The same compound that gives chili peppers heat, capsaicin, is available from drug stores in an ointment to provide relief from nerve pain. Stronger, more concentrated forms are also available through a prescription.

Be forewarned that capsaicin typically exacerbates pain before diminishing it. The compound’s heat leads to a burning sensation that fades as the body develops a tolerance. Results may take more than a week to become apparent, so if you don’t feel better immediately, give it some time.

6. Exercise

Gentle exercise such as walking, biking, yoga, or tai chi helps to get the blood flowing throughout the body and may reduce nerve pain.

Tai chi is a gentle Chinese form of movement that involves slow, rhythmic movements joined with deep breathing designed to reduce stress. However, research conducted at Louisiana State University found patients practicing tai chi experienced less nerve pain than control study subjects.

The study at LSU was conducted with little funding and was only slated to last a few months, but participants found tai chi so helpful they refused to stop showing up to classes, according to the study.

A participant named Marian King says:

“My legs felt like they had bands around them and my feet would burn almost constantly. Since I’ve been here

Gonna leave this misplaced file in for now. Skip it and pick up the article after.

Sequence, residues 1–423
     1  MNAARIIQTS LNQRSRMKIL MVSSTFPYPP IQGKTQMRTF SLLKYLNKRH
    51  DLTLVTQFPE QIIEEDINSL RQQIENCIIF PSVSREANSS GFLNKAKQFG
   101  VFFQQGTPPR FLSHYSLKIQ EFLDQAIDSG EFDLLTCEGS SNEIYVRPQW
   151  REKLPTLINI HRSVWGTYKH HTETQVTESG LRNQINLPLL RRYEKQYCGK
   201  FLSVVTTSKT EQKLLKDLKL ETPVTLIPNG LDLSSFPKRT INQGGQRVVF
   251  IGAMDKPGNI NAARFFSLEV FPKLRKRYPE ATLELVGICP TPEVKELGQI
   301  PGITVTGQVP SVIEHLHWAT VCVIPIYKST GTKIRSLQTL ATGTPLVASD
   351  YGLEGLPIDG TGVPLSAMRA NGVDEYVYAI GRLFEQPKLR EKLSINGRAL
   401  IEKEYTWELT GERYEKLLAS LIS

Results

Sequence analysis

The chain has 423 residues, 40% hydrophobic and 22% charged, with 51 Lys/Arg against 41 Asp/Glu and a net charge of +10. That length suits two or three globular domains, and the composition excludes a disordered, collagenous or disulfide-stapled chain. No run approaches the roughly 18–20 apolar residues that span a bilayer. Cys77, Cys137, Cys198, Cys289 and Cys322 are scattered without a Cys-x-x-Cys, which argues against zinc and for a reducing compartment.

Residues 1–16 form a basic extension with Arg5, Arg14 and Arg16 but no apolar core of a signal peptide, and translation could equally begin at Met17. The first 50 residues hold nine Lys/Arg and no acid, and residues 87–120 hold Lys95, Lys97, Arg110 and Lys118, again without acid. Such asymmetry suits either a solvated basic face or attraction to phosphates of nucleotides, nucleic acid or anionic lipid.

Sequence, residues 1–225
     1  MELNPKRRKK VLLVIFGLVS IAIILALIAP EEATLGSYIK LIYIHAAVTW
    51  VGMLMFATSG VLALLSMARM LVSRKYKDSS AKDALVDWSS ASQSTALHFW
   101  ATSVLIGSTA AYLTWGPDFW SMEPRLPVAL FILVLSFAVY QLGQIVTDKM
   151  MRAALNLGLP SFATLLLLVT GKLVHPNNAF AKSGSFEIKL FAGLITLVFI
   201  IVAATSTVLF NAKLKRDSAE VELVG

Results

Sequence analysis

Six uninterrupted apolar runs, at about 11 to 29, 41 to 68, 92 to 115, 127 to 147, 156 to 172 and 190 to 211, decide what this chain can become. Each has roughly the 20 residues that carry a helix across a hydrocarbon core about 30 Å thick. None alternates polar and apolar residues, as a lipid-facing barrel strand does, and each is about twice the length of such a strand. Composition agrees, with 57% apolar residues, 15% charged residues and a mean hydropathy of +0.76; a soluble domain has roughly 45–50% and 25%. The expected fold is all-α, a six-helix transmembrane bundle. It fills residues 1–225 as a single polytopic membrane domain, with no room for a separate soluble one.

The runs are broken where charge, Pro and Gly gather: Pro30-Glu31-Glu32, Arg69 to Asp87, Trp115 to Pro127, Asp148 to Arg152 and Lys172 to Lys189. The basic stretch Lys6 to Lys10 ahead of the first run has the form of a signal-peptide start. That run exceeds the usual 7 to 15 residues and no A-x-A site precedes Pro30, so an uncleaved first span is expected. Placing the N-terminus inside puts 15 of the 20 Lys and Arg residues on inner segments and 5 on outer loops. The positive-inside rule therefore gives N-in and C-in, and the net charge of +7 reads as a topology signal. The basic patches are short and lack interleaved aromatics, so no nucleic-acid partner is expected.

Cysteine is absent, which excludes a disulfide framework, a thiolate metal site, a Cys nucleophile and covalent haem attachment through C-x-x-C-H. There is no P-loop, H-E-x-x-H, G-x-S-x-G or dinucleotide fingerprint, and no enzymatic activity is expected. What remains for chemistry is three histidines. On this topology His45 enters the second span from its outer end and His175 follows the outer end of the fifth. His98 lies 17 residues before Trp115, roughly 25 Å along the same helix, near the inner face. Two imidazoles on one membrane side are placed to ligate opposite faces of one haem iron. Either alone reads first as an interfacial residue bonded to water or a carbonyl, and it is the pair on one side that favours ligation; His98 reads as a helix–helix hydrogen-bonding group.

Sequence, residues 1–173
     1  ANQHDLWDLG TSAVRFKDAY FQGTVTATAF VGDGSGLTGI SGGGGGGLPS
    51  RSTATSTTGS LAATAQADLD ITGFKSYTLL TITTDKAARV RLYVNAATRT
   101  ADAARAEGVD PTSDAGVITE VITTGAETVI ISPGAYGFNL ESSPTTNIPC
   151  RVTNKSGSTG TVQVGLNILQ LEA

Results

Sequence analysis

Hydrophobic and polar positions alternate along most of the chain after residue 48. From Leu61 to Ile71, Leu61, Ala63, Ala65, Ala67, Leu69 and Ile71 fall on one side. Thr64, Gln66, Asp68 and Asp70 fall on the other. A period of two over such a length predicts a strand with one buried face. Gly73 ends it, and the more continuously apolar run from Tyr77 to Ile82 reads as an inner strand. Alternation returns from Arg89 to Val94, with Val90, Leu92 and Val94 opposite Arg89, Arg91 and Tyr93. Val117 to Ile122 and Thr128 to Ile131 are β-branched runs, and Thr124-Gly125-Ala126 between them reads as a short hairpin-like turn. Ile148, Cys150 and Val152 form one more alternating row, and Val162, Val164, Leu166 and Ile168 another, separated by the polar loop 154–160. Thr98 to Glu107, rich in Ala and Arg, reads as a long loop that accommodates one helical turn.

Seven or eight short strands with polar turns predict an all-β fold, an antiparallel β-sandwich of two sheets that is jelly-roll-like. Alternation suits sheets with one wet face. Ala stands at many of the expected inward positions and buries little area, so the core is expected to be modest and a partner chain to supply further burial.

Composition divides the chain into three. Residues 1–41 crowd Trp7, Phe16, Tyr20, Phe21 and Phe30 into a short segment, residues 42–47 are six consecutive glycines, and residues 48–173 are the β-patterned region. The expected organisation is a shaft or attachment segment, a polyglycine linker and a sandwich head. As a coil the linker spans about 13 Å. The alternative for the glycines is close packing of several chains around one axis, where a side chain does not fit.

[approximately nine months], I’ve had only two episodes of severe burning and the bands, where as it was on a daily basis before.”

Other forms of exercise are also beneficial and may help manage any underlying conditions, such as diabetes. The most important thing is to find an activity that you enjoy and find helpful in managing nerve pain.

7. Take a long, hot bath

Taking baths is not only a wonderful stress reliever, but it also helps ease or prevent neuropathic pain. The heat promotes blood flow through the legs, working to lessen pain. Plus, it just feels good.

Fill up a tub so it’s warm, but not scalding, and soak in it for as long as you wish. You also might consider adding a few drops of relaxing essential oils, such as lavender, for an aromatherapy effect.

What ways have you found effective for managing nerve pain?

Image by Taki Steve via Flickr